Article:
CSC_349_HANDOUT#16

# CSC_349_HANDOUT#16 - COMPUTER SCIENCE 349A Handout Number...

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COMPUTER SCIENCE 349A Handout Number 16 GAUSSIAN ELIMINATION WITH PARTIAL PIVOTING (Section 9.4) The Naïve Gaussian elimination algorithm will fail if any of the pivots K , , , ) 2 ( 33 ) 1 ( 22 11 a a a is equal to 0. Mathematically speaking, the algorithm only requires that the pivots be nonzero. However, as the algorithm fails when a pivot is exactly equal to 0, it often gives very poor numerical results (using floating-point arithmetic) when a pivot is close to 0. Example Consider the n = 2 linear system with augmented matrix 78 . 46 13 . 6 291 . 5 17 . 59 14 . 59 003 . 0 . The exact solution is = 1 10 x . However, using 4 decimal-digit floating-point rounding arithmetic and Naïve Gaussian elimination, a very inaccurate solution is computed: 6 2 2 ) 1 ( 2 6 2 2 ) 1 ( 22 10 1044 . 0 or 10 1044 )) 10 1044 ( 78 . 46 ( )) 17 . 59 1764 ( 78 . 46 ( 10 1043 . 0 or 10 1043 )) 10 1043 ( 13 . 6 ( )) 14 . 59 1764 ( 13 . 6 ( . 1764 ) 666 . 1763 ( ) 003 . 0 / 291 . 5 ( mult × × = × = × × × = × = × = = l l l l l l K l l f f f b f f f a f f That is, the reduced linear system (in which the coefficient matrix has been reduced to upper triangular form) is × × 2 2 10 1044 10 1043 0 . 0 17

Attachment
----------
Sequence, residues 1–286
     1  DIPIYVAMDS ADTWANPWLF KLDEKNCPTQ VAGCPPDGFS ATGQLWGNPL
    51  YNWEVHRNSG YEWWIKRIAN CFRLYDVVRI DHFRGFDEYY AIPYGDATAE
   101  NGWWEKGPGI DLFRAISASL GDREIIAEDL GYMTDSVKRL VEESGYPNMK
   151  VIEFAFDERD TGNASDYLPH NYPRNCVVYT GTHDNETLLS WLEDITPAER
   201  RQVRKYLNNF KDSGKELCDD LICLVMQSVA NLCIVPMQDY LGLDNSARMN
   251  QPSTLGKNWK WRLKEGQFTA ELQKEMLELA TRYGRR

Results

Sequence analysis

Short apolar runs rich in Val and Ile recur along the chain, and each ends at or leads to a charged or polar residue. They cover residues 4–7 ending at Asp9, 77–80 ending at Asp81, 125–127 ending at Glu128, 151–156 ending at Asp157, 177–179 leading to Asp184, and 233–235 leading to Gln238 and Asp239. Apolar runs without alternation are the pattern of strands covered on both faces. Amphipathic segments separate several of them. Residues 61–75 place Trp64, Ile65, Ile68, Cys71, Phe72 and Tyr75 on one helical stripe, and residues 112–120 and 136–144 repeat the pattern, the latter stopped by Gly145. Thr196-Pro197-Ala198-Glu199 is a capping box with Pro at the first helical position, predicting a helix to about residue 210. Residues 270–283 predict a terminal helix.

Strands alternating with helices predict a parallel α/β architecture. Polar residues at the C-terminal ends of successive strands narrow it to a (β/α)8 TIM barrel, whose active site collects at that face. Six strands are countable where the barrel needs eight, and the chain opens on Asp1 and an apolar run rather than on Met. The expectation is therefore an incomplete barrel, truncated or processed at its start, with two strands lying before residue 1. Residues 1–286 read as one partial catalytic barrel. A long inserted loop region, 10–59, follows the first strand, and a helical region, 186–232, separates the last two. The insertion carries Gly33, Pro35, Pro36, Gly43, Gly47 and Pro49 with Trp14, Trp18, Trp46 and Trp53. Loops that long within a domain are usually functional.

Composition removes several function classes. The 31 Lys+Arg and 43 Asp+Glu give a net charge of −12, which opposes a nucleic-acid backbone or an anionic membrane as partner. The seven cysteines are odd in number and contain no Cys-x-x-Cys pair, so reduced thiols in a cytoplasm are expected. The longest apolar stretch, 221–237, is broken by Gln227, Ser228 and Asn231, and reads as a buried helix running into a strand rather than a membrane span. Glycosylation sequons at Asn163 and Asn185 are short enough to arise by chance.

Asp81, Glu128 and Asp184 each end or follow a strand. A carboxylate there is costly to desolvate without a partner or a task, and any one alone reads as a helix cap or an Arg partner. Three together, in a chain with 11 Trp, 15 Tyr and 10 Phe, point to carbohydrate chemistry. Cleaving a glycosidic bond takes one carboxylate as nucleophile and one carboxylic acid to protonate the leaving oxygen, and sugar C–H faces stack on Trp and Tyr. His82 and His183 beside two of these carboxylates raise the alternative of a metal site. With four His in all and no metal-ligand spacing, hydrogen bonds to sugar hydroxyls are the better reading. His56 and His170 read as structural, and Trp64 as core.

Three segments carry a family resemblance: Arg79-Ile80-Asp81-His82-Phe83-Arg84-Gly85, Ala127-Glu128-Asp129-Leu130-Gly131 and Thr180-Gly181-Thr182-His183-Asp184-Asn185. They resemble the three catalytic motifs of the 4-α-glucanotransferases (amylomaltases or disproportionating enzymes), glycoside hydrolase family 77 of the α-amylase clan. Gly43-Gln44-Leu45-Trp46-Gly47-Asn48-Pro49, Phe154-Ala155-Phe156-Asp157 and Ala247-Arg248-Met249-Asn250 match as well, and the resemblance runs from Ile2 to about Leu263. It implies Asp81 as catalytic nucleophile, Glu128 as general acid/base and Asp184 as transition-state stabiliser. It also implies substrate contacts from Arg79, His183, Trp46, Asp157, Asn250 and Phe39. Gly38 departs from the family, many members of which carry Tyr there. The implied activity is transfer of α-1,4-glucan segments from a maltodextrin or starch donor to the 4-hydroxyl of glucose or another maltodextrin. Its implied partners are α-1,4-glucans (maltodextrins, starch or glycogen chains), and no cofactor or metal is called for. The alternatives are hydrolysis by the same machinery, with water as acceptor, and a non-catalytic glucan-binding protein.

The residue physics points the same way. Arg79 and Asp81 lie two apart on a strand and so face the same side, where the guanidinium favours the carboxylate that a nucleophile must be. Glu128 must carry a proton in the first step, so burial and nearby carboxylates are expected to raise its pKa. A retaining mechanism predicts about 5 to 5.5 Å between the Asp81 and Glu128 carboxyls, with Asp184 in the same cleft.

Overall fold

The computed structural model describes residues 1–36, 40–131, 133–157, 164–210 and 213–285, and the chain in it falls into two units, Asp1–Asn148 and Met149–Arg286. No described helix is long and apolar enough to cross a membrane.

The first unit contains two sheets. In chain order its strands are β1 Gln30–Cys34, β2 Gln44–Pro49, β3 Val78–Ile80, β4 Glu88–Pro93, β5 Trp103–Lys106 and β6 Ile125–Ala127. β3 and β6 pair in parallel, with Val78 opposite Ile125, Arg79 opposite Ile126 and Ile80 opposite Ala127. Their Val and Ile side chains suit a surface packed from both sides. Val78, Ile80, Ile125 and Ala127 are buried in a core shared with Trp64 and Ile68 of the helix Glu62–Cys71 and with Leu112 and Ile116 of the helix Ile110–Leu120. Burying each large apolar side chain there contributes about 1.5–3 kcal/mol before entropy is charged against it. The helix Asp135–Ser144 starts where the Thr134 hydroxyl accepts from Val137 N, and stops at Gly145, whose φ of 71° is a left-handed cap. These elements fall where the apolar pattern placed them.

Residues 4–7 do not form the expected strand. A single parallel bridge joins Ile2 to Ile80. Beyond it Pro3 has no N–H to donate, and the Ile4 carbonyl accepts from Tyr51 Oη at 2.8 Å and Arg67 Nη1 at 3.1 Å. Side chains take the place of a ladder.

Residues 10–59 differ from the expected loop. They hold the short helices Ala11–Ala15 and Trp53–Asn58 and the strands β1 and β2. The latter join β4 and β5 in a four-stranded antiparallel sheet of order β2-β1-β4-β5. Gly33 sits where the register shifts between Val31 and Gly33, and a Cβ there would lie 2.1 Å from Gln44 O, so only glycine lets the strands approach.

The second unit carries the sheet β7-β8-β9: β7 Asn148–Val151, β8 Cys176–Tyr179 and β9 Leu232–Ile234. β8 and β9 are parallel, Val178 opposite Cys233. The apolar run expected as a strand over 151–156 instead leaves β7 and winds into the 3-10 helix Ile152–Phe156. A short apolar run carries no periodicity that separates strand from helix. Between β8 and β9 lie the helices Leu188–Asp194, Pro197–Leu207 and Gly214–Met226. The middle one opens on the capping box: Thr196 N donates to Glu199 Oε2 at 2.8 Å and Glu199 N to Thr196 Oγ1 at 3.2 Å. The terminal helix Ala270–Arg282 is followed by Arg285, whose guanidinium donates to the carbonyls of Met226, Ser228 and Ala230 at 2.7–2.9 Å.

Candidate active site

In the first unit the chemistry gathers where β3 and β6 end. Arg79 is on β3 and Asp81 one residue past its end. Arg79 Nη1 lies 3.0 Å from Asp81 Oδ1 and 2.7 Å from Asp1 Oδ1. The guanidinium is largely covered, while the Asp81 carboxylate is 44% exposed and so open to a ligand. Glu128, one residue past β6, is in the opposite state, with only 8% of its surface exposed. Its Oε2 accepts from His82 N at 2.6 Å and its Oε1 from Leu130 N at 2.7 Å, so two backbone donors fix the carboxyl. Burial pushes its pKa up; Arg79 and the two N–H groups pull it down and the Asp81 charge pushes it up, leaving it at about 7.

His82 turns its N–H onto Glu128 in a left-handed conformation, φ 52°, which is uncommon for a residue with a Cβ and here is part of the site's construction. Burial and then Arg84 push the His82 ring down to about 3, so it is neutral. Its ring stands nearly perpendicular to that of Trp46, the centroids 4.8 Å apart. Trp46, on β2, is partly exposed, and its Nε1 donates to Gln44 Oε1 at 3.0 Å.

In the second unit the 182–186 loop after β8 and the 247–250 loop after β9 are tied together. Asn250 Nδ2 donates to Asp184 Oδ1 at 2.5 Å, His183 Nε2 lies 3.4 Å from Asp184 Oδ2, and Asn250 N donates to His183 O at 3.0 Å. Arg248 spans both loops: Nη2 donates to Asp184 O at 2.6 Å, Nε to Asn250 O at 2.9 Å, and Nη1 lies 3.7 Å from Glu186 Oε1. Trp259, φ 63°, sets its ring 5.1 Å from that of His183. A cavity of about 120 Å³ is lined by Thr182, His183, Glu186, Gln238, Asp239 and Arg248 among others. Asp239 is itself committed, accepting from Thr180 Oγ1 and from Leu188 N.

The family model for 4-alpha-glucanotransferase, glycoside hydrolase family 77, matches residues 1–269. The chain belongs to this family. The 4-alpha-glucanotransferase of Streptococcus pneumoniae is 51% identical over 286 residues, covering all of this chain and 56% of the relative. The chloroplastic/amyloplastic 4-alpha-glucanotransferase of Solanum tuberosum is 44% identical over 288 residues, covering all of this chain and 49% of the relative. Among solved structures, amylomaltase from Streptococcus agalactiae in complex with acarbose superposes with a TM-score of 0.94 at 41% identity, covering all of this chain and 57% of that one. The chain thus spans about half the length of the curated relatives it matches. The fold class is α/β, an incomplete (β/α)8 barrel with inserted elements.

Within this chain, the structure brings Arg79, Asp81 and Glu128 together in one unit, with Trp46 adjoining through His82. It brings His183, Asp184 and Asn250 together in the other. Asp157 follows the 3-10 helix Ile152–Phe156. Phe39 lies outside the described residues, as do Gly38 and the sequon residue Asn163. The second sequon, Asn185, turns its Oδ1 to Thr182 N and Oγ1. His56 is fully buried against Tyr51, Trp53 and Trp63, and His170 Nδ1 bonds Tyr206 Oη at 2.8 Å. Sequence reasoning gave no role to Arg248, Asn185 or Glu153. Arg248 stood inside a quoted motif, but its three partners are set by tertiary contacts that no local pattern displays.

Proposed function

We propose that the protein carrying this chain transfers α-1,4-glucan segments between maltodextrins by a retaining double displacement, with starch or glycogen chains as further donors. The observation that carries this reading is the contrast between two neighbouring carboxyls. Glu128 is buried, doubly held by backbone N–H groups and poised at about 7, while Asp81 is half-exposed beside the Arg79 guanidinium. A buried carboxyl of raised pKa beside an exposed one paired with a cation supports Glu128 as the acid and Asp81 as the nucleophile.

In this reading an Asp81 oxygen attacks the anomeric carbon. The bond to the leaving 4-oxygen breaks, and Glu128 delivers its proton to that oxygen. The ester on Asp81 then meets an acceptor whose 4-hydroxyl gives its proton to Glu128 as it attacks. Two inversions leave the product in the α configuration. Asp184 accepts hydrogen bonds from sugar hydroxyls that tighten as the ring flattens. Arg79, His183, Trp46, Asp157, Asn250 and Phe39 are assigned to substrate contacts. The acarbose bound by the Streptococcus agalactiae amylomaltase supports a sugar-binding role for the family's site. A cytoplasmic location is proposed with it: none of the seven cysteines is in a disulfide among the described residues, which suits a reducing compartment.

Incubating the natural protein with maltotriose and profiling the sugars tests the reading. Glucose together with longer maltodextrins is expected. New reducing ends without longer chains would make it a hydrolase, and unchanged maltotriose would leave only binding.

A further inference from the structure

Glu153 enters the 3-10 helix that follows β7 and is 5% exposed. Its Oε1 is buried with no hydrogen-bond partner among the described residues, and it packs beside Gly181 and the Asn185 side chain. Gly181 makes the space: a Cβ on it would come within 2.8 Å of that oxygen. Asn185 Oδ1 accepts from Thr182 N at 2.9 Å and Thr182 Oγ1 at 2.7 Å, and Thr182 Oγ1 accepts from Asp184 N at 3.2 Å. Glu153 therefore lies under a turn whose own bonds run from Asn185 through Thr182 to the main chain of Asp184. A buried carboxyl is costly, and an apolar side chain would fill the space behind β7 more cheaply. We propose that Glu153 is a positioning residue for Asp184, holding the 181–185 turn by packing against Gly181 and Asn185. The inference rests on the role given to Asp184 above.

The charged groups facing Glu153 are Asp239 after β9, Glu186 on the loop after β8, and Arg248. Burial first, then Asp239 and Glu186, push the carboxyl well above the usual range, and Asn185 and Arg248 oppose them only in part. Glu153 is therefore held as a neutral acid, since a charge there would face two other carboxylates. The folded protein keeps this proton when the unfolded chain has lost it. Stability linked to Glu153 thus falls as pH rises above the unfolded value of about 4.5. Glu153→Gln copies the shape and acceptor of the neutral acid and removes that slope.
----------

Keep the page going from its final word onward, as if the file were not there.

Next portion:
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## This note was uploaded on 12/10/2011 for the course CSC 349 taught by Professor Oadje during the Spring '11 term at University of Victoria.

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CSC_349_HANDOUT#16 - COMPUTER SCIENCE 349A Handout Number...

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